In a very practical way, the fumigated wood is also used in houses for cleaning and as an insect repellent. The smoke of the burning wood reveals a realm of some very useful applications within daily life: It is also needed for protecting the home, livestock, and clothing from negative contagious influences like parasites and microbes. Old Spanish chronicles already mention the use of Palo Santo as perfume and incense.

A rather recent discovery in the world of Aromatherapy

The powerful essential oil is obtained by steam distillation from the powdered wood of the fallen tree with its concentrated resin. Only licensed people today are allowed to harvest the wood from the trees, usually by just cutting some of the branches. Some time ago Palo Santo

has been a subject of deforestation, but the governments of Ecuador and Peru have established procedures that protect the trees as well as the indigenous population of many villages for which Palo Santo is part of their livelihood. Therefore,  it is always good to make sure that the oil is derived from legal harvesting and that no cutting of living trees for low-quality exploitation is practiced.

Anyway, as we have seen, the deeply aromatic substance develops only via maturation through time and only then bears in itself the biochemistry and energy for healing and inner transformation.

Besides its former homeopathic applications, it is a rather new development that modern aromatherapy has put its focus on Palo Santo and the essential oil derived from it.  From a medicinal level, due to certain chemical compounds such as limonene, turpentine, and others, Palo Santo has proven its benefit as an invaluable antiseptic oil for the treatment of various ailments of the skin such as sprains, joint pains, wounds, and other injuries. It is also applied in special therapeutic formulas as a remedy against cold, respiratory diseases, and headaches.

On the psychosomatic level, Palo Santo assists in subtle energy work for meditation. It raises the mood of the practitioner and on the emotional level helps against depression and fear giving trust into the healing dynamics of former uncovered traumatic layers.

Within ayurvedic massage therapy, the subtle energies of the essential oil help implanting a new balance within the often disharmonious energies of the body. Being deeply absorbed by the neurologic system the Palo Santo oil instills a positive quality into the electro-magnetic and bio-photonic field of the human aura.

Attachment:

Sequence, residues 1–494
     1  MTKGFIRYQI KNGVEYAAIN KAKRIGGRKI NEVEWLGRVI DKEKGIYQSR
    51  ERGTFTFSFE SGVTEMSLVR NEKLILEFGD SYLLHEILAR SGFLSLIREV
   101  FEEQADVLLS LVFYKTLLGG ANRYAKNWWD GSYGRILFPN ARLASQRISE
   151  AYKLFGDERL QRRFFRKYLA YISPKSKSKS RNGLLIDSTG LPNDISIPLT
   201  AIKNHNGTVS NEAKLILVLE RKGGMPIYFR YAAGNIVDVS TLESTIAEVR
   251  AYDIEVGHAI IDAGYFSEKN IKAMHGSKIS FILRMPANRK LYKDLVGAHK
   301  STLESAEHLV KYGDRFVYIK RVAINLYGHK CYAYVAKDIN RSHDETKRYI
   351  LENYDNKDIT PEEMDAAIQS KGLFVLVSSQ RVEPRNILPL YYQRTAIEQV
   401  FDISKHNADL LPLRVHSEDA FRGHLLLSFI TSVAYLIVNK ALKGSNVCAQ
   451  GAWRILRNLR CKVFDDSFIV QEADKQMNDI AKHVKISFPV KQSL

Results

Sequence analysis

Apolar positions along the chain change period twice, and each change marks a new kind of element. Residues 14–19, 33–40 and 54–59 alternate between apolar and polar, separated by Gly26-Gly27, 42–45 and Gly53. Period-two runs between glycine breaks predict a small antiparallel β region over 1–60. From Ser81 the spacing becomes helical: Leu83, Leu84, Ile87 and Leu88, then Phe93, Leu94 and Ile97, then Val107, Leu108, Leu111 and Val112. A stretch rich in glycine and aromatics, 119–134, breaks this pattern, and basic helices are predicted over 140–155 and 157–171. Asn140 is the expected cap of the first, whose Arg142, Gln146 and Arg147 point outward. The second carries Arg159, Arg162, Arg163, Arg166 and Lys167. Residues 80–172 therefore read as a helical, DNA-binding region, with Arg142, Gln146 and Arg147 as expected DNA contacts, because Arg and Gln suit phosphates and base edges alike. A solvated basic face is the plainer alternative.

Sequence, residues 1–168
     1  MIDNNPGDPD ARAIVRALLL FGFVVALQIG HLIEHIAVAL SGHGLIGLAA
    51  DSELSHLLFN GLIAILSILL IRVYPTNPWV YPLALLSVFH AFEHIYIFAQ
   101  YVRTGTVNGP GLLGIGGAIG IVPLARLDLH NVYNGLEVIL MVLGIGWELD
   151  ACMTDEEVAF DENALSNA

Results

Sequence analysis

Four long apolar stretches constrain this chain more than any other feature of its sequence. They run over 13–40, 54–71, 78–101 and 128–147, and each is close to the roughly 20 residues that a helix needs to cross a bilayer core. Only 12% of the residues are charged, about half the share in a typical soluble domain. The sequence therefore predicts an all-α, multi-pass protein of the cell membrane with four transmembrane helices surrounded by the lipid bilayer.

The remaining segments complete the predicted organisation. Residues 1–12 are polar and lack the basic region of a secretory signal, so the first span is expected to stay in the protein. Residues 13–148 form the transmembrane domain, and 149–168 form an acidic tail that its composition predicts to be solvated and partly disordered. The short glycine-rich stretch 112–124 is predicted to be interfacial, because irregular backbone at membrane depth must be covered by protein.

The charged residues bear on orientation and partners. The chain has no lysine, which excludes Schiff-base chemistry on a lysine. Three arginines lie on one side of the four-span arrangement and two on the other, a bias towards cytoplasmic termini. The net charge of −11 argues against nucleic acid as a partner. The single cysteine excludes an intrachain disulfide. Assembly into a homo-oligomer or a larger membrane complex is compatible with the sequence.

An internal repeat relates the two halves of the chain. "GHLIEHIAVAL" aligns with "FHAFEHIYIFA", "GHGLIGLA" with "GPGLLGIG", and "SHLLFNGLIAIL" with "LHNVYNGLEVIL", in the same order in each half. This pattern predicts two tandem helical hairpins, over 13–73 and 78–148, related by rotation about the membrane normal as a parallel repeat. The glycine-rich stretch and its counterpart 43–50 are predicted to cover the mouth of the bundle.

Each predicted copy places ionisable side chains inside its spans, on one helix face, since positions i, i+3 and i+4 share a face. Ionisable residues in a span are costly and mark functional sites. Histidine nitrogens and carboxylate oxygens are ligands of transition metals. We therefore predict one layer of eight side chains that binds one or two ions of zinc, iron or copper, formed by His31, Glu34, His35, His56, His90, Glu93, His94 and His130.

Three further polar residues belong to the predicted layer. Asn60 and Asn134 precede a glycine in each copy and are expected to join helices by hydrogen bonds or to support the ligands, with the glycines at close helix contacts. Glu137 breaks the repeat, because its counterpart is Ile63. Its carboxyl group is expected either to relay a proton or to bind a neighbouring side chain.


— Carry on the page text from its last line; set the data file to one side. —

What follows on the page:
How to use Palo Santo oil

  • As a non-skin irritant, it can be used directly on the skin for example on the wrist, the neck, and the temples.
  • As a massage oil: Mixed with a carrier oil (i.e. Sweet Almond oil, Sacha Inchi, etc.) Also in combination with essential oils such as Frankincense, Myrrh, Sandalwood, and other wood and resinous oils.
  • As a room fragrance: Also in combination with other essential oils.
  • As a meditation enhancer: Alone or in combination with other essential oils.
  • When traveling: A few drops placed on the wrists and back of the neck as a protective shield against environmental influences.

Palo Santo Hydrolat

As always in the distillation process, this wonderful Palo Santo wood yields a beautiful hydrolat.

How to Use it:

  • As a Meditation Enhancer: Use as an ‘aura’ mist before yoga, meditation, etc.
  • Benefits: Help to ground and calms the mind.
  • Creativity Mist: Use as an ‘aura’ mist.
  • Benefits: Both calms the nervous system and awakens mental faculties. Great for workspaces to stimulate creativity and inspiration.
  • Make a hot or cold Compress: Saturate the washcloth with 1/2 bottle cold or warm Palo Santo hydrolate – Ring out – Fold washcloth flat and place on the chest. Leave on for 10 minutes or more. Repeat as often as desired. Using more hydrolat for your compress or diluting it with water (up to 1/2) is also an option.
  • Benefits: To clear the lungs and support breathing.
  • As a clearing roomspray: Spray around any environment many times a day.
  • Benefits: Enhances connection and uplifts the spirit. Purify from any negative energy. Very useful in hotel rooms and on hotel mattresses to clear all the ancient energy of previous guests.
  • As a Yoga mat spray: Spray on, leave on for 1 minute and wipe off. Refreshes and purifies stale mats.
  • Test patch your particular mat first for compatibility.